In total, 108 data sets were created and modified by adding white noise with an amplitude of 5% of the respective data point. Each of the four respiratory mechanics models was then fitted to each of the data sets using a hierarchical identification approach [10, 12]. It uses the identified parameter values of less complex models as initial guesses when identifying the more complex models. It thus does not require any initial guesses and ensures optimal identification outcome. The model results were then fed to the presented algorithm to select the model that fits the given data best.
Figure 2 shows simulated response to the described manoeuvres for all four models compared to artificial patient data created using the PRVEM. In LF results, the PRVEM had best CD and AICc, however CI was critical in two parameters, leading to the algorithm to select VEM. In DS data, the PRVEM again had best CD and AICc, however CI was critical in five parameters, leading to FOM being the selected model. The SCASS results showed highest CD and lowest AICc in VEM, thus this being the selected model.
Tables 1 and 2 show which model was selected compared to which model was used to create the data. Table 1 shows results when CI of the model parameters is not included in the selection process, while Table 2 shows results when CI is included as a criteria.
When omitting the CI criteria, the same model as used to create the data was selected by the algorithm in 84 of 108 cases. In 5 cases, a more complex model was selected due to a lower AICc and in 19 cases a less complex model was selected due to the same reason.
When including the CI criteria, the same model was selected in 45 out of the 108 cases. A more complex model was never selected, while a less complex model was selected in 61 cases (8 cases because of lower AICc, 53 cases because CI was critical in other models). No selection at all was conducted in 2 cases, all due to critical CI values in every model with CD 0.8.
Using multiple models in decision support allows adaption to a change in the clinical scenario and to the patient data available at the bedside. In cases where detailed measurements are available, complex models can be identified, while simple models are applied if less information is available. The presented algorithm should enable the decision support system to select the model that fits the given data best with the smallest number of parameters while ensuring the correctness of the identified parameter values.
When omitting the CI criteria, i.e. the algorithm does not check if the parameter values of a model are suffi-ciently defined by the data, the algorithm selected the correct model, i.e. the model that was used to create the data, in 78% of all cases. In 18% of the cases, a less complex model was selected, i.e. the data could be reproduced with sufficient accuracy while using less model parameters. In data created with the PRM, five cases led to the algorithm to select the PRVEM, i.e. a more complex model. In those cases, parameter identification failed to find the correct PRM parameters thus leading to the simulation results to slightly deviate from the presented data. Here, identification procedure should be improved.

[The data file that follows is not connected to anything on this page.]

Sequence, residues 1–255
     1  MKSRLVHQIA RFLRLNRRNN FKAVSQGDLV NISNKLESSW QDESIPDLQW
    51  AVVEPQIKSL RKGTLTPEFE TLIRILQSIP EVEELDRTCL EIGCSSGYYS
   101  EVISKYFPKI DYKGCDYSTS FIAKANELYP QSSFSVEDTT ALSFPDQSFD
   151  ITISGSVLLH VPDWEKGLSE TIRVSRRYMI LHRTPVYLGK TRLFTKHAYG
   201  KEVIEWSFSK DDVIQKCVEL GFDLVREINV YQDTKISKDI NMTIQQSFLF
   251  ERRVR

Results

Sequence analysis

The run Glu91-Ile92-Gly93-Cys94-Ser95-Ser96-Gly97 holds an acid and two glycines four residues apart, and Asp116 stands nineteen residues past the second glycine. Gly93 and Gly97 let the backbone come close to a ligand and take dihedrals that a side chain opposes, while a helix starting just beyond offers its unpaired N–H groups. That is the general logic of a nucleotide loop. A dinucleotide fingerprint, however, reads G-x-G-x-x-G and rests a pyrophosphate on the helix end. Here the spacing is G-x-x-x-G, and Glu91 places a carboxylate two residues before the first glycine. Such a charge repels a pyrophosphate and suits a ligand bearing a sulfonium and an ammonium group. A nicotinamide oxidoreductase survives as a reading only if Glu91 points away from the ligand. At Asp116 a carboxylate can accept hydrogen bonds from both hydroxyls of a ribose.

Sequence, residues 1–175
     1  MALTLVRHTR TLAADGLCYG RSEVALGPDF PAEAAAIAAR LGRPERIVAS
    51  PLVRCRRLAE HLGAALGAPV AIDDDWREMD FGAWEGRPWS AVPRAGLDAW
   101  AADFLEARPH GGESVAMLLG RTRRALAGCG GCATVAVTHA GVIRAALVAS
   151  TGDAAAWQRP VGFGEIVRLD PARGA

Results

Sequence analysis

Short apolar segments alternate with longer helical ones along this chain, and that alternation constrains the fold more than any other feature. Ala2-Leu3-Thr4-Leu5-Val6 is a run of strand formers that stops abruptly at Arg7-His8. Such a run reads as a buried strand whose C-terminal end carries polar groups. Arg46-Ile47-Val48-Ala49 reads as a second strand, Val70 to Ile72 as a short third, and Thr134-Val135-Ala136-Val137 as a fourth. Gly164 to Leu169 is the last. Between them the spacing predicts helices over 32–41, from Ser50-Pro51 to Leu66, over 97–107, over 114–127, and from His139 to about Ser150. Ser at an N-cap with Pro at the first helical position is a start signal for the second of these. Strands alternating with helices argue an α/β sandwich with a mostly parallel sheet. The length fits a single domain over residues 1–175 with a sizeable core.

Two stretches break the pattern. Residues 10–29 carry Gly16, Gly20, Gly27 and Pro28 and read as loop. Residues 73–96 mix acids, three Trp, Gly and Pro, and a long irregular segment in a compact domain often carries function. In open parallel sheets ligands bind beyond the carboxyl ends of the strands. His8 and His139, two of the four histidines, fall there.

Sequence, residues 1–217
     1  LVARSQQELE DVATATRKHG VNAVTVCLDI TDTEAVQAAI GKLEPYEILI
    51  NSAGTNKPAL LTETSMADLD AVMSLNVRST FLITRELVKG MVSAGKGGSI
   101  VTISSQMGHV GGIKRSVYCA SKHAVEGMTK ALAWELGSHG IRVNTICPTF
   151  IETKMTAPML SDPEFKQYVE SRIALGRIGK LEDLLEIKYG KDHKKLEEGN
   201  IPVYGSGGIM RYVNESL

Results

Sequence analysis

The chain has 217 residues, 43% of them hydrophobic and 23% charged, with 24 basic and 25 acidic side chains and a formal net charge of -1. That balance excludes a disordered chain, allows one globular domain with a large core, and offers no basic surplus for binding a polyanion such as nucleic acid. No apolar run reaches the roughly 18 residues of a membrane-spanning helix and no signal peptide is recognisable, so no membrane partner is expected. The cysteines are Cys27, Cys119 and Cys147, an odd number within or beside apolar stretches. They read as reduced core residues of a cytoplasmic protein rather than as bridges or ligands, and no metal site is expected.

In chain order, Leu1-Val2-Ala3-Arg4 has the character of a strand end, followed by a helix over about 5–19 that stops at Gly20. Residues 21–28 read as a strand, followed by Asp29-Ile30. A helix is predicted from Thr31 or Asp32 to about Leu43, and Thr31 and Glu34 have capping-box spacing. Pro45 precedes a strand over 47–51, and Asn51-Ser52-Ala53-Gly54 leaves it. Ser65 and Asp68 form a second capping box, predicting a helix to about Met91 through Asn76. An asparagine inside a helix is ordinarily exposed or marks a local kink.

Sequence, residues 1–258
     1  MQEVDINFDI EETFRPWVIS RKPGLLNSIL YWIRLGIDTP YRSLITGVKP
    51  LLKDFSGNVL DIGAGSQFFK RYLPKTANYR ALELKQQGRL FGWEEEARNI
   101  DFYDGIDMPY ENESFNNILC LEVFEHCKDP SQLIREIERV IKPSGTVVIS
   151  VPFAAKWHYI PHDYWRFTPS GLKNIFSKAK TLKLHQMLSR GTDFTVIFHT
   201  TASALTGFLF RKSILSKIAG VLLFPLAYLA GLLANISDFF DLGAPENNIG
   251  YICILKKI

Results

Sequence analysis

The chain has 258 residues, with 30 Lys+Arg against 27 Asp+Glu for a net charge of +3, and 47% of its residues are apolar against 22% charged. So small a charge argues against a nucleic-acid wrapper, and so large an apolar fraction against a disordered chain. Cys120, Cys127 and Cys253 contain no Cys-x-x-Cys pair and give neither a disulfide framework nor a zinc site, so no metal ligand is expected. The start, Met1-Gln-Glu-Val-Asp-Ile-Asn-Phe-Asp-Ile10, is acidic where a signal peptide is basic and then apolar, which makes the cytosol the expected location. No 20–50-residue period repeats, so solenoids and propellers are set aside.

When including the CI criteria, the algorithm was able to select the correct model in 42% of all cases. In 56% of the cases, a less complex model was selected either due to having a comparable accuracy using less parameters (7% total) or due to CI being critical in the higher ranked models (49% total). CD being below 0.8 in all but one model or in all models was never the case, leading to the assumption that the identification routine is robust. No model was selected in 2% of the cases, all due to CI being critical in every model with CD 0.8. Thus, except for those two cases, all models are able to reproduce the presented data with acceptable accuracy.
The presented algorithm thus allows selecting the model that is able to reproduce the recorded patient data with sufficient accuracy with the lowest number of parameters possible. Both tests (with CI criteria and without it) showed that the algorithm is able to find the model that was used to create the data or a model that fits the data with comparable accuracy while being less complex in an acceptable number of cases (95% of cases when CI is neglected, 49% with CI criteria). Additionally, the algorithm ensures that the identified parameters may be trusted by checking if the information contained in the recorded data is sufficient to define the parameter values. Here, results showed that in more complex models (PRM and PRVEM), CI is almost always critical in at least one parameter, leading to a less complex or no model being selected. We conclude that identifying models of higher complexity it may be insufficient to apply only one manoeuvre. Future work is planned to investigate which manoeuvres prove to be beneficial for the identification of which parameter in those models.
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About the article
Published Online: 2015-09-12
Published in Print: 2015-09-01
Conflict of interest: Authors state no conflict of interest. Material and Methods: Informed consent: Informed consent has been obtained from all individuals included in this study. Ethical approval: The research related to human use has been complied with all the relevant national regulations, institutional policies and in accordance the tenets of the Helsinki Declaration, and has been approved by the authors’ institutional review board or equivalent committee.